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EXPERIMENTAL AND NATURAL INFECTION OF NORTH AMERICAN BATS WITH WEST NILE VIRUS

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  • 1 Departments of Microbiology, Immunology, and Pathology, and Biomedical Sciences, Colorado State University, Fort Collins, Colorado; Division of Vector-Borne Infectious Diseases, National Center for Infectious Diseases, Centers for Disease Control and Prevention, Fort Collins, Colorado
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Big brown (Eptesicus fuscus) and Mexican free-tailed (Tadarida brasiliensis) bats were inoculated with the New York 99 strain of West Nile virus to assess their potential to serve as amplifying hosts and determine the clinical effect of infection. Groups of three or four bats were bled at daily intervals between 1 and 6 days after inoculation to determine the pattern of viremia. Beginning 2 days after inoculation, virus was isolated each day from one or more E. fuscus bats, in titers ranging from 10 to 180 plaque-forming units per milliliter of serum. Virus was not isolated from any of the sera collected from T. brasiliensis bats. None of the bats from either species showed clinical signs associated with exposure to virus. Sera from an additional 149 bats collected in Louisiana in 2002 during an epizootic of West Nile fever were tested for antibodies to virus, and two were found to be positive. These data suggest that bats from these two widely distributed species are unlikely to serve as amplifying hosts for West Nile virus.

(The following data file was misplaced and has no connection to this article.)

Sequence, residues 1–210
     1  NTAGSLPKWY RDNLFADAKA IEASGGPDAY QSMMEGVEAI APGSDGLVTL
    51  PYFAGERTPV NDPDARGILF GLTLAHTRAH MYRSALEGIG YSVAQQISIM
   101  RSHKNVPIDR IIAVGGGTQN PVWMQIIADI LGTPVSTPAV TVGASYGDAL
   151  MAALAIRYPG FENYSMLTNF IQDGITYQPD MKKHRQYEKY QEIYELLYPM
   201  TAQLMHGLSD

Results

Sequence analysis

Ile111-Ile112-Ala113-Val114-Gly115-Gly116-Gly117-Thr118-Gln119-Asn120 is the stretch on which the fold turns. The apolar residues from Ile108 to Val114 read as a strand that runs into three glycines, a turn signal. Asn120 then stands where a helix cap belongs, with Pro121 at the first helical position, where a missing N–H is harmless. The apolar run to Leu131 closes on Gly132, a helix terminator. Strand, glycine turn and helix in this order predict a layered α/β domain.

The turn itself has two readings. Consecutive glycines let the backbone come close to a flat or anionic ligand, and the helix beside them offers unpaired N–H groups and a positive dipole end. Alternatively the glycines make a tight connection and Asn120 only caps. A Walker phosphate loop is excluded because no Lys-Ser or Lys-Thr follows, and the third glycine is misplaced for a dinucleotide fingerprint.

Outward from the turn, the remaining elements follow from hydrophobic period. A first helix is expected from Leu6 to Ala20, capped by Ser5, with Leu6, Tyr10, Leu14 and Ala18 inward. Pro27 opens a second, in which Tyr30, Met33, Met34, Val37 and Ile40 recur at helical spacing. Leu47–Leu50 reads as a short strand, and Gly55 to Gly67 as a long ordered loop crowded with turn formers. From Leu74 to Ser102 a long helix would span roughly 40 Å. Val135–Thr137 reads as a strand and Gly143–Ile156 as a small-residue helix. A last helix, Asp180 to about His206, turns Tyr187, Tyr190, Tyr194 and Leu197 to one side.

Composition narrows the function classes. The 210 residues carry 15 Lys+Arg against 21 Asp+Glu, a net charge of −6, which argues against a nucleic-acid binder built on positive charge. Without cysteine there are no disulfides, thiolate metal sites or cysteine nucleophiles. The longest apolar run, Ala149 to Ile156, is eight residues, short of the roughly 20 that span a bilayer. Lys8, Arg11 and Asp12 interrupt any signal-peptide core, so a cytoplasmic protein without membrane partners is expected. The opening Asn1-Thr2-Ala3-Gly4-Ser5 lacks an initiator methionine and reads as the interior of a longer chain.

Author Notes

Reprint requests: Richard Bowen, Department of Biomedical Sciences, Colorado State University, Fort Collins, CO 80523, E-mail: rbowen@colostate.edu.
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